Last I checked MongoDB does not support case-insensitive queries, which explains why we have to use a regex here. The next best thing you could do is to use the $regex operator.

/**
 * GET /api/characters/search
 * Looks up a character by name. (case-insensitive)
 */
app.get('/api/characters/search', function(req, res, next) {
  var characterName = new RegExp(req.query.name, 'i');

  Character.findOne({ name: characterName }, function(err, character) {
    if (err) return next(err);

    if (!character) {
      return res.status(404).send({ message: 'Character not found.' });
    }

    res.send(character);
  });
});

GET /api/characters/top

When I first built this project, I initially had around 7-9 almost identical routes for retrieving the Top 100 characters. After some code refactoring I ended up with just a single route below.

/**
 * GET /api/characters/top
 * Return 100 highest ranked characters. Filter by gender, race and bloodline.
 */
app.get('/api/characters/top', function(req, res, next) {
  var params = req.query;
  var conditions = {};

  _.each(params, function(value, key) {
    conditions[key] = new RegExp('^' + value + '$', 'i');
  });

  Character
    .find(conditions)
    .sort('-wins') // Sort in descending order (highest wins on top)
    .limit(100)
    .exec(function(err, characters) {
      if (err) return next(err);

      // Sort by winning percentage
      characters.sort(function(a, b) {
        if (a.wins / (a.wins + a.losses) < b.wins / (b.wins + b.losses)) { return 1; }
        if (a.wins / (a.wins + a.losses) > b.wins / (b.wins + b.losses)) { return -1; }
        return 0;
      });

      res.send(characters);
    });
});

For example, if we are interested in the Top 100 male characters with Caldari race and Civire bloodline, this would be the URL path for it:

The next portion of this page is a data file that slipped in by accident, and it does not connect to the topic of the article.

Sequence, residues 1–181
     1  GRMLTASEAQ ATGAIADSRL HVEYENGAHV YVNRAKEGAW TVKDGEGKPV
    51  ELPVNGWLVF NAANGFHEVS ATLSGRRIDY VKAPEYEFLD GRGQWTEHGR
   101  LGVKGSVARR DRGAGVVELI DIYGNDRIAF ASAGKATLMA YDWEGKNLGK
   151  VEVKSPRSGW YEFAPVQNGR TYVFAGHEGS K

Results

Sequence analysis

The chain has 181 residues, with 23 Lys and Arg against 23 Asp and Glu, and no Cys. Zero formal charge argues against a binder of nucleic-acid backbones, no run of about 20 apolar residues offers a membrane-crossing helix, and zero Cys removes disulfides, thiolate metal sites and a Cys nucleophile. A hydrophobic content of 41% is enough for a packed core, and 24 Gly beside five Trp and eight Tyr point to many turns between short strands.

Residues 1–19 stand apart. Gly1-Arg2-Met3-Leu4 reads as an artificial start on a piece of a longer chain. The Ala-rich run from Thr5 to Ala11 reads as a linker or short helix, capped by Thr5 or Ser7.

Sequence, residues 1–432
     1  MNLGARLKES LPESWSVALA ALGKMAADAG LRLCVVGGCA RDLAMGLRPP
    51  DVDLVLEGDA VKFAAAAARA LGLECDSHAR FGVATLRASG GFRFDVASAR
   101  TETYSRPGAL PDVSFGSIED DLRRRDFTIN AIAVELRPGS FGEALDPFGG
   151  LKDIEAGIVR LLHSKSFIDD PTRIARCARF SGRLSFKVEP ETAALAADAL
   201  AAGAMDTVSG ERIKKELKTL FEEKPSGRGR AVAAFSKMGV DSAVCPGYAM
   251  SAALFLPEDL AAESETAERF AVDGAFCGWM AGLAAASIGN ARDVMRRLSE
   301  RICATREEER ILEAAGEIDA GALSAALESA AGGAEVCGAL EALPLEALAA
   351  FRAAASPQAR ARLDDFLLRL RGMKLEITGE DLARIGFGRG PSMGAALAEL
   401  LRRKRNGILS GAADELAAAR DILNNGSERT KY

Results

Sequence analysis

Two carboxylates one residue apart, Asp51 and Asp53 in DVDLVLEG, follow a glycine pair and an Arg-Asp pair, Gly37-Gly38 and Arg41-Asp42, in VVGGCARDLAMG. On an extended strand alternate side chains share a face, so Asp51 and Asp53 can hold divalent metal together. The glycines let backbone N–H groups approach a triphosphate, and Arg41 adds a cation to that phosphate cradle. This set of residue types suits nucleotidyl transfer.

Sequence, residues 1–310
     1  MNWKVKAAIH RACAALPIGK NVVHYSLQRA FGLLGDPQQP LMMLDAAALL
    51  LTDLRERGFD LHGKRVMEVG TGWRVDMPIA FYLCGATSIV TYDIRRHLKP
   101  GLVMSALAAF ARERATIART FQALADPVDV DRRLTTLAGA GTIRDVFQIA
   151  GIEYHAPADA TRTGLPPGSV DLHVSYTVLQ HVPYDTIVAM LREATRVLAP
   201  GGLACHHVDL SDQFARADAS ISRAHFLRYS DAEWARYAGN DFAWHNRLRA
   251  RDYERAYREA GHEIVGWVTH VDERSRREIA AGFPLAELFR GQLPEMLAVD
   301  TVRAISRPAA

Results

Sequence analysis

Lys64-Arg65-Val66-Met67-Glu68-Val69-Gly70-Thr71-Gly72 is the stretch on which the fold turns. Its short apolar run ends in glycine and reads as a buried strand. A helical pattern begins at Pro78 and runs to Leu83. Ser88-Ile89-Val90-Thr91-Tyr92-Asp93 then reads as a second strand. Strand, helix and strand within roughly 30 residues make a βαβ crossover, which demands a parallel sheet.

GET /api/characters/top?race=caldari&bloodline=civire&gender=male

If you are still having trouble understanding how we construct the conditions object, this documented code should clarify it:

// Query params object
req.query = {
  race: 'caldari',
  bloodline: 'civire',
  gender: 'male'
};

var params = req.query;
var conditions = {};

// This each loop is equivalent...
_.each(params, function(value, key) {
  conditions[key] = new RegExp('^' + value + '$', 'i');
});

// To this code
conditions.race = new RegExp('^' + params.race + '$', 'i'); // /caldari$/i
conditions.bloodline = new RegExp('^' + params.bloodline + '$', 'i'); // /civire$/i
conditions.gender = new RegExp('^' + params.gender + '$', 'i'); // /male$/i

// Which ultimately becomes this...
Character
    .find({ race: /caldari$/i, bloodline: /civire$/i, gender: /male$/i })

After we retrieve characters with the highest number of wins, we are doing another sort by winning percentage, so that we don’t end up with the oldest characters always being on top.

Note
Be careful with accepting user's input directly. Ideally we should have first checked for query params before blindly constructing the conditions object and passing it to MongoDB.

GET /api/characters/shame

Similar to the previous route, this one retrieves 100 characters with the most losses.

/**
 * GET /api/characters/shame
 * Returns 100 lowest ranked characters.
 */
app.get('/api/characters/shame', function(req, res, next) {
  Character
    .find()
    .sort('-losses')
    .limit(100)
    .exec(function(err, characters) {
      if (err) return next(err);
      res.send(characters);
    });
});

GET /api/characters/:id

October 11, 2015 Update: I have left this Express route for last, so that other routes starting with /api/characters/, do not get clobbered by the this route with the :id parameter.

This route is used by the profile page (Character component that we will build next) as shown at the beginning of the tutorial.

/**
 * GET /api/characters/:id
 * Returns detailed character information.
 */
app.get('/api/characters/:id', function(req, res, next) {
  var id = req.params.id;

  Character.findOne({ characterId: id }, function(err, character) {
    if (err) return next(err);

    if (!character) {
      return res.status(404).send({ message: 'Character not found.' });
    }

    res.send(character);
  });
});

POST /api/report